Canadian Gasoline Consumption and Vehicle Trends: A Comparison to the United States
April 12, 2018
North American gasoline consumption is expected to decline over the next few decades, driven primarily by greater fuel efficiency in the vehicle fleet, and secondarily by penetration from alternative engine technologies. Generally, gasoline consumption trends between Canada and the U.S. have mirrored one another; however, the emergence of disparate market conditions are increasing the likelihood of comparative differences over the next couple of decades.
Year-over-year growth of North American gasoline consumption has slowed since 2015. Over the next couple of years, Canadian consumption of gasoline is expected to grow at just 0.3 percent annually, while U.S. consumption is expected to decline just over 1 percent annually by that same time (Figure 1).
According to a recent analysis by the National Energy Board, Canadian demand for transportation fuel is expected to decline an average of 0.5 percent annually to 2040.The Energy Information Administration’s (EIA) 2018 Annual Energy Outlook, showed that U.S. demand for transportation fuel would decline an average of 0.7 percent over the same period. The steeper decline in the U.S. is largely a result of growing differences in the vehicle fleets between the two countries.
Between 2007 and 2016, the size of the Canadian vehicle fleet increased 17 percent (Statistics Canada), while the U.S. fleet increased roughly 5 percent (EIA). Similarly, the aggregate number of vehicle miles travelled (VMT) increased in both countries over the past decade, and the EIA’s forecast calls for growth in the vehicle fleet and VMT beyond 2040. This obviously has not resulted in a parallel increase in gasoline demand, and over the coming decades, most forecasts predict much lower gasoline demand.
The principal reason for the expected decline in consumption is a significant rise in the average fuel economy of the vehicle fleet, which the EIA expects to increase by over 60 percent to 2040. As governments enforce more stringent emission standards on new vehicles, the average efficiency of the vehicle fleet will rise as the fleet turns over – meaning internal combustion engine (ICE) powered vehicles will consistently lower their average fuel consumption per 100 km (Figure 2). This shift in efficiency is also influenced by the spread of alternative engine technologies into the market and will be led over the next few decades by an expected surge in electric and fuel cell vehicle sales.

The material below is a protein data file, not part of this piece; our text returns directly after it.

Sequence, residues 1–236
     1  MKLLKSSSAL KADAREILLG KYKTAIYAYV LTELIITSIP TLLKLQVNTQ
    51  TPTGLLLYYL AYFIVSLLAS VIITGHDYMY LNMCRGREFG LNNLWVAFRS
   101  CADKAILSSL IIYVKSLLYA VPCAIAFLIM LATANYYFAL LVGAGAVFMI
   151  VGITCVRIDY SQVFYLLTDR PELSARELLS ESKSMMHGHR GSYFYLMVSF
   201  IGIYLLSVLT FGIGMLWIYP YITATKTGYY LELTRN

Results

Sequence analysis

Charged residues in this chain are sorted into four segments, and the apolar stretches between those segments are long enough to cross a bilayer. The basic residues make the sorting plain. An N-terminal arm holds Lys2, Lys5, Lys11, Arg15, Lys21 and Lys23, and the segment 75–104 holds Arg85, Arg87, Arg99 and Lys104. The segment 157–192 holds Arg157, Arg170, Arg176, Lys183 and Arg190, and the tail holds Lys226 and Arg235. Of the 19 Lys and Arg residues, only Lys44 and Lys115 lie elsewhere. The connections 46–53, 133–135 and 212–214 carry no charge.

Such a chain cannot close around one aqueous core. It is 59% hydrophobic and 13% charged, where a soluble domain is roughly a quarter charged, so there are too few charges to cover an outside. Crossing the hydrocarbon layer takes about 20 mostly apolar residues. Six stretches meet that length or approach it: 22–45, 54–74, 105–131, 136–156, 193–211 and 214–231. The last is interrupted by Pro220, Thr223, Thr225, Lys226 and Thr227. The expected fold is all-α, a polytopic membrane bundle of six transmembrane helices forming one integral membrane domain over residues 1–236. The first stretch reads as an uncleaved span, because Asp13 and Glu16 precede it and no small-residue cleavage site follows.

However, the bulk of the decline in gasoline consumption will be related strictly to the increased efficiency of ICE vehicles, while a much smaller portion will relate to the displacement of ICE vehicles by alternative engine technologies. This is apparent in the breakdown of VMT by vehicle type, where ICE vehicles currently account for 97 percent of U.S. VMT. Even with an expected 4,000 percent growth in VMT from full electric and fuel cell vehicles by 2040, the percentage of VMT for ICE vehicles would still be around 86 percent in 2040 (EIA).
Changes to the vehicle fleet are clearly impacting gasoline demand trends in North America, and the disparate outcomes projected for the U.S. and Canada are driven primarily from consumers’ vehicle preferences and the resulting differences in their respective vehicle fleets. The percentage of new vehicle sales categorized as trucks rose 20 percent over the last decade in Canada, while in the U.S. that same figure rose only 12 percent. (Figure 3) Canadians are buying trucks at a much higher rate than passenger cars, and despite each respective vehicle class becoming more fuel efficient, consumers are more frequently purchasing a less fuel efficient class of vehicle.
Increased truck sales, and the corresponding decline in passenger car sales, is likely to have long-lasting effects in the Canadian market. The rate of new vehicle sales and turnover in the fleet is close to 5 percent annually, meaning it takes roughly 20 years to completely turn over the fleet. Consequently, the significant rise in truck purchases will continue to dampen some of the gains in vehicle efficiency over next couple of decades. In addition, the rate of penetration for alternative engine technologies in Canada has consistently lagged behind the U.S. market, meaning that ultimately Canadian gasoline consumption is likely to fall less than U.S. consumption by 2040.
A potential wild card for future Canadian gasoline demand is the effect of carbon pricing. By design, carbon pricing raises the cost of fuel, incentivizing more efficient vehicles and alternative engine technologies. The current federal approach seeks to price carbon at a minimum of $50 per tonne by 2022, adding roughly 12 cents per litre to the price of gasoline. While this and other future carbon-reducing measures are likely to result in some downward pressure on gasoline demand, we have observed little to no impact on demand from current carbon pricing schemes. Ultimately, the effects of carbon pricing on Canadian gasoline demand will be “swimming upstream” against consumers’ recent preference for larger vehicles.